Why is this August such a horror for US Treasury?

Treasury may fall short of payments by $134 Billion in August. Jeanne Sahadi of CNNmoney puts this in his article:

So, on Aug. 3, for instance, the center estimates that Treasury will take in $12 billion in revenue and have to pay out $32 billion, creating a $20 billion cash deficit. Among the biggest bills due that day: $23 billion for Social Security payments, $2.2 billion for Medicare and Medicaid payments, and $1.8 billion due to defense vendors.

On Aug. 4, the group estimates that the cash deficit will increase to $26 billion, with only $4 billion in revenue coming in, compared to $10 billion in bills, the largest of which would be for Medicaid and Medicare.

Come Aug. 5, the cash deficit grows another $5 billion to $31 billion.

By Aug. 15, the Bipartisan Policy Center estimates that the running cash deficit will hit $74 billion. That day the Treasury will take in an estimated $22 billion in revenue and have to pay out roughly $41 billion. The biggest bill that day is a $30 billion interest payment.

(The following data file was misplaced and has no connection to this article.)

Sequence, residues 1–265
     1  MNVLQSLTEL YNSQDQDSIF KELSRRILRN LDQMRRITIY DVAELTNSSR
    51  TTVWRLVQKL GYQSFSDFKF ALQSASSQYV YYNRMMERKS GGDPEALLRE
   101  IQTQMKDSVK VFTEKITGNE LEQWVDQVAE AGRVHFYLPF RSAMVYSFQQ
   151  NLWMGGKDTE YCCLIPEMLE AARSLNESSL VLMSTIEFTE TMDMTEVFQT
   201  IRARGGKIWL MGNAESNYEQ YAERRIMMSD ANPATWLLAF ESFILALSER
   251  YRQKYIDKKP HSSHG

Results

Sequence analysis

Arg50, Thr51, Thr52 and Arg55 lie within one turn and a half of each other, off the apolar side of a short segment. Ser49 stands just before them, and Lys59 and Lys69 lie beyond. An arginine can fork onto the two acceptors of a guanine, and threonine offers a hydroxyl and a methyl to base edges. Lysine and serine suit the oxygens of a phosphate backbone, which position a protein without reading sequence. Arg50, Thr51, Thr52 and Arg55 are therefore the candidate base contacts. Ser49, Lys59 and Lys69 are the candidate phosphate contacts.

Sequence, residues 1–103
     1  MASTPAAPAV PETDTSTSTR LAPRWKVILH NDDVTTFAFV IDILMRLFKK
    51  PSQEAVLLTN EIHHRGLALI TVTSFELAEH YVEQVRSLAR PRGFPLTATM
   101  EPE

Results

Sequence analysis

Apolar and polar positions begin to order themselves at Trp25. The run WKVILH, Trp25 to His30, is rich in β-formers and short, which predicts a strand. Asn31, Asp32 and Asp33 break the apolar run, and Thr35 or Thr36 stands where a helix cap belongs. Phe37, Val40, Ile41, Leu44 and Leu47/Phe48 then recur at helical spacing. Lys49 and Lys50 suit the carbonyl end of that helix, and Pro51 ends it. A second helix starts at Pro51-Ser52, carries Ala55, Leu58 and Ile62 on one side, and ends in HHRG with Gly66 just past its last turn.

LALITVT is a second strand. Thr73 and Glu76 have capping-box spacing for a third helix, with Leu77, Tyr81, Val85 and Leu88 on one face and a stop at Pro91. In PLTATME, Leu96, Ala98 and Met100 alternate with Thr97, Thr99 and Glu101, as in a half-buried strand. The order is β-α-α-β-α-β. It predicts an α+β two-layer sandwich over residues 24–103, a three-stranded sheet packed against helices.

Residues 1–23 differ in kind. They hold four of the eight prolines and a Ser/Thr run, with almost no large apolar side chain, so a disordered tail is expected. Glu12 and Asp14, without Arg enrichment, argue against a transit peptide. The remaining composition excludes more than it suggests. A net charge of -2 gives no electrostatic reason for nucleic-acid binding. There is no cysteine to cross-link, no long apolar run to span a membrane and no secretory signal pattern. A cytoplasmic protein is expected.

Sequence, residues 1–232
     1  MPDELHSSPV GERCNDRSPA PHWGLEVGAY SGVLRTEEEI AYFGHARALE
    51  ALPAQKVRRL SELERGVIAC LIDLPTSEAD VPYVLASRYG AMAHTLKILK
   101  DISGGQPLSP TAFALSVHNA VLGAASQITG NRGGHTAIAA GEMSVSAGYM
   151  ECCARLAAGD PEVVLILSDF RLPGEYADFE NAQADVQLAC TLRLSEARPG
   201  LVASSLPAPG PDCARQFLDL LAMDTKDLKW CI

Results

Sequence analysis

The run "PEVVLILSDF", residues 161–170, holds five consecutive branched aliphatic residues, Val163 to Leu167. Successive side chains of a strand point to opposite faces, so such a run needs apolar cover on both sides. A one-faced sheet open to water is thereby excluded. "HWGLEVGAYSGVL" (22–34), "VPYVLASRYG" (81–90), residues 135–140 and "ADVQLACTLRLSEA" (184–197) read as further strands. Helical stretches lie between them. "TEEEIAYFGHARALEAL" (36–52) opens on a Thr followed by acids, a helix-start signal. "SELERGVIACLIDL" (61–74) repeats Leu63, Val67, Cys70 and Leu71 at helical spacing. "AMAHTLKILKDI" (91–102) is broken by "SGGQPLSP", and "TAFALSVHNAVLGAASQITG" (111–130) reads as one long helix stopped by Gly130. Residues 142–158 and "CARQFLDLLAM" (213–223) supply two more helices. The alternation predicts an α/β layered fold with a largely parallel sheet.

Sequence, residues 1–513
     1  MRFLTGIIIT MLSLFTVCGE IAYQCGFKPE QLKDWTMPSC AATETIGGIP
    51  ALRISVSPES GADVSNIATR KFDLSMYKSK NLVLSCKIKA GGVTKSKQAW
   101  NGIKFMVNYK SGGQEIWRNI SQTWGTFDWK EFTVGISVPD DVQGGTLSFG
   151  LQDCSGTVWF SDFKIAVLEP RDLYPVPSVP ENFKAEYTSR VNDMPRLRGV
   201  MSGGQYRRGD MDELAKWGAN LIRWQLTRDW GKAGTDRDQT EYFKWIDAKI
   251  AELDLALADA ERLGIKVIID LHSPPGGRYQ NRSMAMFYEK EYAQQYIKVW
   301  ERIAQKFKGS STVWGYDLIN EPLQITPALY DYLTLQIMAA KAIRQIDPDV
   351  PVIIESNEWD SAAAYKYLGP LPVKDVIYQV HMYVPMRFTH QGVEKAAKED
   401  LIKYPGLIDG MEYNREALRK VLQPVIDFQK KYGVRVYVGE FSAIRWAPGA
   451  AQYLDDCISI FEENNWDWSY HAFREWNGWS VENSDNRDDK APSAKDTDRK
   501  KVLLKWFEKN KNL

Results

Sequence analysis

What’s not yet clear is how much cash Treasury might have on hand going into August.

Uncle SamThe Bipartisan Policy Center estimates it might have enough, in theory, to pay bills in full until Aug. 10.

Even if that’s right, however, Treasury may still decide to withhold some payments sooner to preserve cash to ensure it can make interest payments after Aug. 10.

It may also keep some cash on hand to ensure it can make principal payments on bonds coming due after Aug. 10.

Treasury will be able to hold bond auctions to roll over existing debt as it matures — more than $450 billion is expected to come due in August.

However, if there isn’t enough demand for Treasuries because of the uncertainty the political crisis in Washington has caused, those auctions may fail to raise all that Treasury needs to pay the principal due.

So Uncle Sam would have to pony up using the revenue coming in. That would mean even less money available to pay seniors, vets, small business owners and others who are part of the lifeblood of the U.S. economy.

 

Read detailed article on CNNmoney

Hitesh Anand

I am a post graduate from Newcastle University, UK. I like studying and analyzing economic data and financial health of world.

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